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I had tried Pixlr a long time ago, but had completely forgotten about it until my friend and fellow instructional tech geek Tony Thompson posted something about it on his blog last month. With Picnic being assimilated by Google and with Aviary acting a bit weird, I was hoping another option for online photo editing would come along, and Pixlr seems to be the best option right now.
Pixlr comes in several flavors. There is the full-fledge photo editor, but there are also several quick tools for adding preset effects. There is Pixlr Express for quick touch-ups and Pixlr-o-Matic for effects such as vintage photos, etc. Android and iOS apps are available for these last two services. There is also Pixlr imm.io, an image sharing service and Pixlr Grabber, a screen capture plugin for Firefox and Chrome.
First let’s take a look at the full photo editor.
You can begin by creating an image from scratch, uploading an image from your desktop, importing an image via URL, or connecting to to a current online account. You don’t have to create an account or log in to use the editor, but doing so really adds some nice features. This includes integration with current online accounts at Facebook, Flickr, and Picasa.
One word about Flickr, though – per Flickr’s API restrictions, Pixlr will only load the last 50 images from any given set. If you’re like me and have thousands of photos, this may be limiting. In this case you can use the URL import and give it the download URL for the original size. It’s a pain, but it works.
If you choose to connect an online account, your image folders or albums will be shown on the left, and the image thumbnails on the right. Simply select an image to load it into the editor.
The image will load into an editor that looks VERY much like Photoshop. The drawing tools are on the left and editing panes are on right, including Navigation, History, and Layers.
Speaking of layers, all the nice things you come to expect in Photoshop are here, including layer styles (emboss, drop shadow, etc.), blend modes, and masking. The drop-down menus are also laid out similarly to Photoshop. You can make the typical adjustments to each layer, including hue and saturation, exposure, etc. However, there is also cross-processing and “old photo” effects.
In addition to adjustments, there is a wide range of filters. These include the typical blurs, noise, and distortions. However, Pixlr also includes some popular effects such as fake tilt-shift, mimic HDR, Orten effects through “glamour glow.”
While the Pixlr photo editor may not have all the bells and whistles of Photoshop, but it has enough to cover probably 80% of your editing needs for the causal photographer. I don’t think it handles RAW images, and there are not the sophisticated Pantone settings and so forth that you would find in Photoshop. Still, for quick edits it’s hard to beat.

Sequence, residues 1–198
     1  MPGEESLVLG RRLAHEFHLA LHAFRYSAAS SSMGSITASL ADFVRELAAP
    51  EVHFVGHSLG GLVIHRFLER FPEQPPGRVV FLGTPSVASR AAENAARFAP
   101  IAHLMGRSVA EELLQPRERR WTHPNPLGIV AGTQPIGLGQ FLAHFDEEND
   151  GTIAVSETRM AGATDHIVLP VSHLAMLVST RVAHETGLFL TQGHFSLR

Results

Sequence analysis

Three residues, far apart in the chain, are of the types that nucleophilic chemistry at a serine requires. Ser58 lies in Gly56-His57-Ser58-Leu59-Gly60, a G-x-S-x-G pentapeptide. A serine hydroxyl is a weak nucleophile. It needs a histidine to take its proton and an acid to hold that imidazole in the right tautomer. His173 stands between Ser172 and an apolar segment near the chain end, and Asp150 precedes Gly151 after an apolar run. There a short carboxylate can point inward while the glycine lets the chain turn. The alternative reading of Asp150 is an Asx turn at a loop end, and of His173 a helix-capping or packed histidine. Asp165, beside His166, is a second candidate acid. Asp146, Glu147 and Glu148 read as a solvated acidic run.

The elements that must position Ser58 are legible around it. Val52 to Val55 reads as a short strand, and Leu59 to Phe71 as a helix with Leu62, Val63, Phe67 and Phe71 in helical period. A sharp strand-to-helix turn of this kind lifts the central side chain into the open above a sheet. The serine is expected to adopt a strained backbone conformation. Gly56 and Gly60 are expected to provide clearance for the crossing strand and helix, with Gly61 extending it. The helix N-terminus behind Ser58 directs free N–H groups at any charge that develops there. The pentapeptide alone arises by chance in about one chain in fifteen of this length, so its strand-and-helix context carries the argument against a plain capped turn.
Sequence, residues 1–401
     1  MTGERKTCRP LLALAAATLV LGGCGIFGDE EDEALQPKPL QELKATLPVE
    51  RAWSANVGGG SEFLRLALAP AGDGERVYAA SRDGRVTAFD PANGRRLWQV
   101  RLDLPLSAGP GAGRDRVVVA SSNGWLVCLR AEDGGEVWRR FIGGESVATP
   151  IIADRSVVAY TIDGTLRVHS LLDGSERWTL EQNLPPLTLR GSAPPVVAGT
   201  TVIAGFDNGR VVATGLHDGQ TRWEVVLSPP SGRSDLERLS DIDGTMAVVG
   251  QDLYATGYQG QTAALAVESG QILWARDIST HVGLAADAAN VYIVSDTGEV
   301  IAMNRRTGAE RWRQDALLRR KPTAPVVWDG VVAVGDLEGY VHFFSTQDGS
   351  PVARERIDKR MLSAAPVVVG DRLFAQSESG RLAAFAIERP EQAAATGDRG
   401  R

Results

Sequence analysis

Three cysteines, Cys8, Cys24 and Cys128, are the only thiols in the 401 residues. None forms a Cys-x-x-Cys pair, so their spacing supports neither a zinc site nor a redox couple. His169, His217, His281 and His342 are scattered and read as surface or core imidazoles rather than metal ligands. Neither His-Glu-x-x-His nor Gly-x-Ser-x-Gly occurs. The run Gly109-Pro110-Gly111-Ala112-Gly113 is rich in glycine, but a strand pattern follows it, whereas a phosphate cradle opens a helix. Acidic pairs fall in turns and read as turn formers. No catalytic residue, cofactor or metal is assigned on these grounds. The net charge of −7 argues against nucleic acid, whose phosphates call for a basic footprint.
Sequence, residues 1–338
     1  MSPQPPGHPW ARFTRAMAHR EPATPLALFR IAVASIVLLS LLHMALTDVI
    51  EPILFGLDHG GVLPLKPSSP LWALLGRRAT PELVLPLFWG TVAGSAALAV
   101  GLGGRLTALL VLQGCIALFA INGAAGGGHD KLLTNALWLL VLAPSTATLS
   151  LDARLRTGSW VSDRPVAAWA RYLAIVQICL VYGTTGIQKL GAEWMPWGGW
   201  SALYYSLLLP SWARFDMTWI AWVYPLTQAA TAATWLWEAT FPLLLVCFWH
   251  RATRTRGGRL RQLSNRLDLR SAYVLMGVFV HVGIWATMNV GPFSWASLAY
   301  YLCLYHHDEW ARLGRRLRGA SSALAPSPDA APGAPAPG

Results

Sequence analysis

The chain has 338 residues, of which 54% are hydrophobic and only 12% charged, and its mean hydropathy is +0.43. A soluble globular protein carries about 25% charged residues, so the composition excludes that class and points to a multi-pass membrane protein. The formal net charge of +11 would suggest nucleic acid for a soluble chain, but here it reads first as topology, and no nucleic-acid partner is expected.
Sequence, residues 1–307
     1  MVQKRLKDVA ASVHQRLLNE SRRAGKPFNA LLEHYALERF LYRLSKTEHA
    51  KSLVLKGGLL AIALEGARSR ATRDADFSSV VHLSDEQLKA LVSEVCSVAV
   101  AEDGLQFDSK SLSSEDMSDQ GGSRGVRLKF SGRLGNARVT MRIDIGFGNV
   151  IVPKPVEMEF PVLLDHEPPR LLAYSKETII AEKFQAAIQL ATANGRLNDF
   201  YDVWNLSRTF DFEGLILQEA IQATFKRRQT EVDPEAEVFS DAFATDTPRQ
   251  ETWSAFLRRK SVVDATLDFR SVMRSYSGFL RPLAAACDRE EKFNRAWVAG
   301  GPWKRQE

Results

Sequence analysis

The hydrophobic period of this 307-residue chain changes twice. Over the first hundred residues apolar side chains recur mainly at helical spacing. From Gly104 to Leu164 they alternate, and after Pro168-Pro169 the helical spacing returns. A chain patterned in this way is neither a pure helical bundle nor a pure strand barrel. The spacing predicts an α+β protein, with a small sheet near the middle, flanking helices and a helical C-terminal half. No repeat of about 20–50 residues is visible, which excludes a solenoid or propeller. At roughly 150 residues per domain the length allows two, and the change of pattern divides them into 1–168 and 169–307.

Once you have finished editing your photo you can save it in several formats and quality settings. Again, the options aren’t as extensive as Photoshop, but are OK for most things. Where Pixlr shines is in its ability to write back to online services such as Flickr and Picasa.
Unfortunately, Pixlr creates a new image each time it is saved. There doesn’t seem to be a way to replace a photo on Flickr with the edited version, as you could with Picnic.
The Pixlr Express editor is a bit more limited, but it has some nice presets. First of all, there is no integration with existing online services. You can only upload or import images.
Once you have the image in the editor you can do several types of adjustments for exposure, color, and other quick fixes.
You can also add several types of effects, and there is an extensive collection of overlays.
There are also borders, some with “torn” edges to complete the vintage photo effect, and others that are more elaborate.
Most of these come with various parameter settings so that you can control the desired effect.
It looks like Pixlr Express can open several file types, but will only save as a JPG file.
The Pixlr-o-Matic service has pretty much the same capabilities as Pixlr Express, but uses a different interface for the desired effects.
As with Express, it only works with JPG and PNG files. The interface looks more like a mobile app in the way it functions, and the apps for Android and iOS are based on the o-Matic application.
Pixler does just about everything the casual user would need from Photoshop. It’s not as convenient for Flickr users as Picnic was for quick edits, but it has many so much more available. It’s easier to use than the Aviary suite of tools, and I think would be much better for younger students.